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Forty-Eight Hours in Hell

The story of one man's after-death experience. By George Lennox Uncertainties of the afterlife have plagued mankind for centuries. While many cultures have developed extensive theories of what happens, God, in His divine wisdom, chose to leave the details of life-after-death veiled. This is a first-hand account of what happened to one man. We do not pretend to solve the mystery. In 1887, George Lennox was in prison for stealing horses. While he was a prisoner, the roof of the room where he was working in the coal mines fell in and completely buried him. When he was found two hours later, there were no signs of life. The prison physician officially pronounced him dead. Hours later, as two prisoners were carrying his body to the coffin, they dropped the corpse. To the surprise of all present, a deep groan was heard. Soon the eyes opened. Next he called for a cup of water. An examination showed he had only a broken leg and bruises. This is Lennox's story of what happened while he was dead: As I was working, suddenly it grew dark. Then it seemed as if a great iron door swung open and I passed through the doorway. The thought came that I was dead and in another world. I could see no one nor hear any sound. I traveled some distance until I came to the bank of a broad river. Soon I heard oars in the water, and a person rowed up to me. He told me to get into the boat, and then rowed to the other side. Not a word was spoken. I longed to ask who he was and where I was, but my tongue clung to the roof of my mouth. At the opposite shore, I got out of the boat, and the boatman vanished. I saw two roads which led through a dark valley. One of these was broad and seemed to be well traveled. The other was a narrow path that led off in another direction. I instinctively followed the wellbeaten road. I had not gone far when it grew darker. However, a light flashing in the distance lit my journey. Presently I was met by a being that was utterly indescribable. He resembled a man, but was much larger. On his back were great wings. He was as black as the coal I had been digging, and was without clothing. In his hand was a spear with a handle fifteen feet long. His eyes shone like balls of fire. His teeth seemed an inch long. His nose, if you could call it that, was large, broad, and flat. His hair was coarse and long. His voice sounded more like the growls of a lion. I first saw him in one of those flashes of light. He had his spear raised as if to send it flying through me. With that terrible voice, he bade me follow him. I followed. What else could I do?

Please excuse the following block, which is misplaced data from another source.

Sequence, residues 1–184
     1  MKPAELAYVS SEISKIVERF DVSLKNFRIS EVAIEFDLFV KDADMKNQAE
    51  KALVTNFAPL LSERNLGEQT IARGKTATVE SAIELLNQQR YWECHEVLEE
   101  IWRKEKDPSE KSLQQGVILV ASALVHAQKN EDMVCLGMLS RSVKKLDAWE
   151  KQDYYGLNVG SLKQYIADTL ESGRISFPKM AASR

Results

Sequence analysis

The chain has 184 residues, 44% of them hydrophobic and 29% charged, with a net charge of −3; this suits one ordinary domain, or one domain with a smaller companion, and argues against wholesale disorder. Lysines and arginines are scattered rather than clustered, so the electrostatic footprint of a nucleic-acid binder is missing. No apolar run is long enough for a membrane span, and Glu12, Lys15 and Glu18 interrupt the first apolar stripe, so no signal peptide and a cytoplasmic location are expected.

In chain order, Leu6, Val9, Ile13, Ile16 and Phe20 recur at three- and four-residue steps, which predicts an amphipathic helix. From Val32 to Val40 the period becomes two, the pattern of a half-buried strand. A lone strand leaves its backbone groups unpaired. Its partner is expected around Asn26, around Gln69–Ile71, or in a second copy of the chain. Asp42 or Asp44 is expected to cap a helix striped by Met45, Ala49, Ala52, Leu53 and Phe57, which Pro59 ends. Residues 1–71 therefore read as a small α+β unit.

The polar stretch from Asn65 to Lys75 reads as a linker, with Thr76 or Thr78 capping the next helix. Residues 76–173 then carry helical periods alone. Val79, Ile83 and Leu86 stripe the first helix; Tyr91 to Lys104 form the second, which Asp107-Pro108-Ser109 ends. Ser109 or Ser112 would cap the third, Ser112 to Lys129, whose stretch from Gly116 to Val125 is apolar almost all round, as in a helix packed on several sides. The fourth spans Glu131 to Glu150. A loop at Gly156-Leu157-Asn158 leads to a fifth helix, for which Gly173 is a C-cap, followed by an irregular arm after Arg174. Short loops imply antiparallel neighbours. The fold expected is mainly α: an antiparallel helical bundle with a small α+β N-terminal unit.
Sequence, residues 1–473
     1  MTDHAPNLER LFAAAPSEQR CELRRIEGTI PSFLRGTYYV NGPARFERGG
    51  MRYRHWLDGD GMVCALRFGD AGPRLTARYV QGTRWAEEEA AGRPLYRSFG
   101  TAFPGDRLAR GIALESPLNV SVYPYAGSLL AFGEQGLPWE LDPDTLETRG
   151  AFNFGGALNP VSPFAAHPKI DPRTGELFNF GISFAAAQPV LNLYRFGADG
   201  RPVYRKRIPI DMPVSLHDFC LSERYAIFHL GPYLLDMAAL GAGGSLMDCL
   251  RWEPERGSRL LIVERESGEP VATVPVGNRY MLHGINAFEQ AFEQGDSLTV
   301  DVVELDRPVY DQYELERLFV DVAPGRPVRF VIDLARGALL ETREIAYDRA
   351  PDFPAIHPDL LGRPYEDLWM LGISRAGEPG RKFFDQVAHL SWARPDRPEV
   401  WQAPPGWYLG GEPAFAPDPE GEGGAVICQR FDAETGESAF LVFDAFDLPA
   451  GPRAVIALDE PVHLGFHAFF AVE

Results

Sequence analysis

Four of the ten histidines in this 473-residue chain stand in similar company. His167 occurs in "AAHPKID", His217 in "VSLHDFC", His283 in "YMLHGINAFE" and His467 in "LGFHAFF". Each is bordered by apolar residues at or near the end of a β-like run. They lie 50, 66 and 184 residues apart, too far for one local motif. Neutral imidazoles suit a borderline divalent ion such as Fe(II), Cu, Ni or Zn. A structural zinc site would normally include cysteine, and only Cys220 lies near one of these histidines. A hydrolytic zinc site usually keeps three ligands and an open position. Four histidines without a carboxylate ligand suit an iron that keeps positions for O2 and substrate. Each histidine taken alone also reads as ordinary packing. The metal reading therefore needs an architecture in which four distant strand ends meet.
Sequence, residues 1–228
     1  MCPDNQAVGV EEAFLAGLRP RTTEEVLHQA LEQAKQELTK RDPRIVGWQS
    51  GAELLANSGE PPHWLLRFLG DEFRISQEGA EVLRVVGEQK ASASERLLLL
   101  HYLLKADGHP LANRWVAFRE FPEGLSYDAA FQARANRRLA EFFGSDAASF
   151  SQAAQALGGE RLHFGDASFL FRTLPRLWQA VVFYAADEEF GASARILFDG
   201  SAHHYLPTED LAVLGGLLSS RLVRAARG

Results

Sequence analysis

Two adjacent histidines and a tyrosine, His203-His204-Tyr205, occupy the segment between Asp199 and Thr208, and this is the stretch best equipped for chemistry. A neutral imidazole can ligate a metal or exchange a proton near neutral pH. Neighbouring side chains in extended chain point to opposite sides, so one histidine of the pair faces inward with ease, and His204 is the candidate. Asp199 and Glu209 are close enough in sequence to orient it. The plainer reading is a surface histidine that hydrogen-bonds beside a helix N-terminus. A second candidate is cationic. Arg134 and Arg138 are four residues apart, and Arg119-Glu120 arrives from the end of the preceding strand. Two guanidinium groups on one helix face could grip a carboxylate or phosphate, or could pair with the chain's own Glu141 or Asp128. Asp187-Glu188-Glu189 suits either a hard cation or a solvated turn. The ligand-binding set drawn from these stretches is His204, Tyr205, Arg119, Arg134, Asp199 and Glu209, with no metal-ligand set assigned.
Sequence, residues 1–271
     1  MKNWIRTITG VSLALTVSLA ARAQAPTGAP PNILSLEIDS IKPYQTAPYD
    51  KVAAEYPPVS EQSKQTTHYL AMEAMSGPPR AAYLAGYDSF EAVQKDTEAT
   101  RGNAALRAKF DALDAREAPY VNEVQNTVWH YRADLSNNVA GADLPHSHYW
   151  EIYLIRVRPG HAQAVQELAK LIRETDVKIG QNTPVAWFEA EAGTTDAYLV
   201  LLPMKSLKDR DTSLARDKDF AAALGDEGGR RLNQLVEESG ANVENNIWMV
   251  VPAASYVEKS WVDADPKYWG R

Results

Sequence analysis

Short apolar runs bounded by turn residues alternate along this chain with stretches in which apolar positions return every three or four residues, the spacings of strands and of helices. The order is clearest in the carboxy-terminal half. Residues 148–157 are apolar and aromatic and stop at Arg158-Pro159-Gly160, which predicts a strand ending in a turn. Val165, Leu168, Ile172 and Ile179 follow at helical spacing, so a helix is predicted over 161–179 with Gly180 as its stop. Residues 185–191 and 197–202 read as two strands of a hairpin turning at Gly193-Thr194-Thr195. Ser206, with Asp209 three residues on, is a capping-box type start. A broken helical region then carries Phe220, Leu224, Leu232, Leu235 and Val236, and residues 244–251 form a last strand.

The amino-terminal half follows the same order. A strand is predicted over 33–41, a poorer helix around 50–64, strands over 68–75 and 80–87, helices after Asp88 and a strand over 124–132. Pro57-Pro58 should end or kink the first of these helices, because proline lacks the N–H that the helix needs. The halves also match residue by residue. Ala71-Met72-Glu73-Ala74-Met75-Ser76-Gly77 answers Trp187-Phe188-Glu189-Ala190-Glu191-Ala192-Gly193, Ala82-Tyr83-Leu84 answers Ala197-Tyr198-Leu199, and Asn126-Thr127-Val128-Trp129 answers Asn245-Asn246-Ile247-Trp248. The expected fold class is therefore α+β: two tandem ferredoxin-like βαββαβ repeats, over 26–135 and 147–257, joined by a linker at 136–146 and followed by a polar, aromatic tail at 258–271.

48 Hours in Hell

(Tract 24)

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After some distance, a huge perpendicular mountain rose up before us. On it I could read, This is Hell.' My guide gave three loud raps on the wall with his spear handle. A massive door swung back and we entered. For some time we traveled in Egyptian darkness. I could hear the heavy footfalls of my guide, and thus followed him. I could also hear deep groans and cries for water. Presently another door opened at the knock of my guide, and a broad plain lay out before me. Here my guide left, and a similar being came to me. Instead of a spear he had a large sword. He spoke with a voice that struck terror to my soul. Thou art in Hell,' said he. For thee all hope is fled. The lake of fire is soon to be thy doom. Before thou art conducted to this place of torment nevermore to emerge, thou shalt be permitted to behold what thou might have enjoyed, instead of what thou must suffer.' With this I was left alone. My strength departed, and I sank down a helpless mass. Half awake, half asleep, I seemed to dream. Far above me, I saw the City of which we read in the Bible. How beautiful were its walls of jasper! I saw vast plains covered with beautiful flowers and beheld the river of life and the sea of glass. Multitudes of angels passed through the gates of the City, singing beautiful songs. I saw my mother, who had died of a broken heart because of my wickedness. She looked toward me and seemed to beckon me to her, but I could not move. There appeared to be a great weight upon me that held me down. I said, Oh, that I might be one of them.' Suddenly, I was aroused from my slumbers by an inmate of my dark abode. He said it was time to enter upon my future career. We reentered the dark passageway in the mountain, and went through a door in the side. Then we passed through another door, and I beheld the lake of fire. As far as the eye could reach, I could see that literal lake of fire and brimstone. Huge billows of fire rolled over each other, and great waves of fiery flames dashed against one another and leaped high in the air. On the crest of the waves I saw human beings rise, soon to be carried down again to the lowest depths. When borne on the crest of these awful billows, their curses against God were appalling, and their cries for water heart-rending. I turned my eyes to the door through which I had entered and read these words: This is thy doom; eternity never ends.' The ground began to give way beneath my feet, and I found myself sinking down into the lake of fire. An indescribable thirst seized me. Calling for water, my eyes opened in the prison hospital. There is a Heaven and a Hell, the kind the Bible tells about. One thing is certain, I am never going to Hell again. As soon as I opened my eyes in the hospital and found that I was on earth once more, I gave my heart to God. I am going to live and die a Christian. While the terrible sight of Hell can never be banished from my memory, neither can the beautiful things of Heaven that I saw. What I saw in Heaven will more than compensate my giving up the sensual pleasures in which I indulged before coming to the prison.

48 Hours in Hell

(Tract 24)

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